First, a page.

Living By Faith Blog


Biblical, battle-tested, real-life help for "living by faith in the Son of God" (Galatians 2:20). — Steve Fuller

A Reader Fights the Fight of Faith During Racquetball

The Fight of Faith

Last weekend I spoke at a conference on “How to Fight the Fight of Faith.”

Yesterday someone from the conference wrote me a note explaining how the fight of faith transformed Tuesday’s racquetball game.

His story was so helpful that I thought I’d share it with all of you.

Here’s his note —

Hi Steve,

It’s the Tuesday after a retreat that my family went to in the Santa Cruz mountains that YOU taught at (I’m the tall guy that likes to talk).

I was doing a search for the David Brainerd quote that you used in your presentation and stumbled onto this site.  Pretty funny.

Anyway, I want you to know that, in a small way, I’ve been “fighting the fight”.

Idolatry in my heart

I play a lot of racquetball and have found the game to be very revealing of idolatry in my heart, namely, that I want to never make a mistake and want to be seen as this amazing 57-year old who can beat anyone there.

When my plan is thwarted (by making a bad shot, using bad strategy etc.) I tend to get angry and yell…basically like any little kid in a candy shop whose mother has just said “no,” throwing himself down and kicking and screaming.  Yep, that has been me.

I have YOU, God!  The Treasure of Treasures!

Well, today was different.

I prayed that God would strengthen me to trust Him and His promises.

When I played, I made mistakes as usual, but I didn’t throw a tantrum.

Anytime I felt the temptation to be angry, I just said to God, “but I’ve got YOU God!”  I have God!  I have the Treasure of Treasures!

It made a profound difference. 

I never yelled, or even got angry at all.  I was at peace.  God allowed me to believe what I was saying.

By the way, my game got better and better for the couple of hours that I played.  I told the guy I was playing with (who’s used to my outbursts) what I had been doing and that it made me stay calm.

Whether I win or lose, I can be a winner if I keep God in view as the purpose for doing whatever I’m doing.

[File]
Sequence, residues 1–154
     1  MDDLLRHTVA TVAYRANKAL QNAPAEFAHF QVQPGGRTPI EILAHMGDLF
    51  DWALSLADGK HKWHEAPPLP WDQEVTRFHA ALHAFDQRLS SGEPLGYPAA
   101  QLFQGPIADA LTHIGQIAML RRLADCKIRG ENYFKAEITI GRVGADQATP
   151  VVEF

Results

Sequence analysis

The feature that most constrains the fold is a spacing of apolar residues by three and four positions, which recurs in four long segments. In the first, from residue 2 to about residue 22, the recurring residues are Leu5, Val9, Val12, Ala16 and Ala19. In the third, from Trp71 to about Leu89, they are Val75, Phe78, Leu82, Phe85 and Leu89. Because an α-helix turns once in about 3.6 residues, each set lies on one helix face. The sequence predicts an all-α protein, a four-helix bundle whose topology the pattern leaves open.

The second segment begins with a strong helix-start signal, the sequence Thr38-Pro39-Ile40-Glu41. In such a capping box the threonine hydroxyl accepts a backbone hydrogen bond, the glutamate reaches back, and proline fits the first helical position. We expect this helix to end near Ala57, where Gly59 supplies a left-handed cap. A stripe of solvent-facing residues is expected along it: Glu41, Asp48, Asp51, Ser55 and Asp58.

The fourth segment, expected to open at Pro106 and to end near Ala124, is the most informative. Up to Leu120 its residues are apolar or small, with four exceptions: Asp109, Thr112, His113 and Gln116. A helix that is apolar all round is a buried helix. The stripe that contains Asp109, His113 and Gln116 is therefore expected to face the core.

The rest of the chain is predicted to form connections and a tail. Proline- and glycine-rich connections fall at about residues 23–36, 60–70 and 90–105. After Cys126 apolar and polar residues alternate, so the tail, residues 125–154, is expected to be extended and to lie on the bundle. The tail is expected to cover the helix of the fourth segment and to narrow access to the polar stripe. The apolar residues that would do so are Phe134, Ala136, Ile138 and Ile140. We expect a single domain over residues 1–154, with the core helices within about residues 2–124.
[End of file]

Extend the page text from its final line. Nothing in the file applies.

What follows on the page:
I’m looking forward to the blessings of fighting this fight!  Thank you again!

One more thought

I see my racquetball experience along the lines of how you described “fighting the fight” when someone cuts you off in traffic.  No time for deep pondering, just a quick claim of some promise of God.

In my case, I guess the claimed promise might be “I will never leave you nor forsake you”, or maybe “store up for yourselves Treasure in heaven”.

I know, by faith, that I have Him (and He has me), and He IS the Treasure, so how can racquetball success compare?

By saying to myself (and to God) “but I’ve got God” in response to my flesh’s claim that racquetball success is necessary, I’m reminding myself of that truth and my emotions follow the mind (If I’m really trusting).

When claiming a promise “doesn’t work”, i.e. DOESN’T bring about the peace that should accompany believing the promise, then I know that I’m not really trusting.

For some reason, God granted me confidence in the promises yesterday and I hope He continues to do that (I know, in the long run, that that’s the plan).

[End of his note.]

Some take-aways

His story teaches crucial lessons about fighting the fight of faith —

He did not rely on will-power

It’s easy to try to overcome anger by gritting our teeth, or trying to control our temper.

But — at best — that only subdues the symptoms temporarily.  It does not touch the underlying idolatry and unbelief.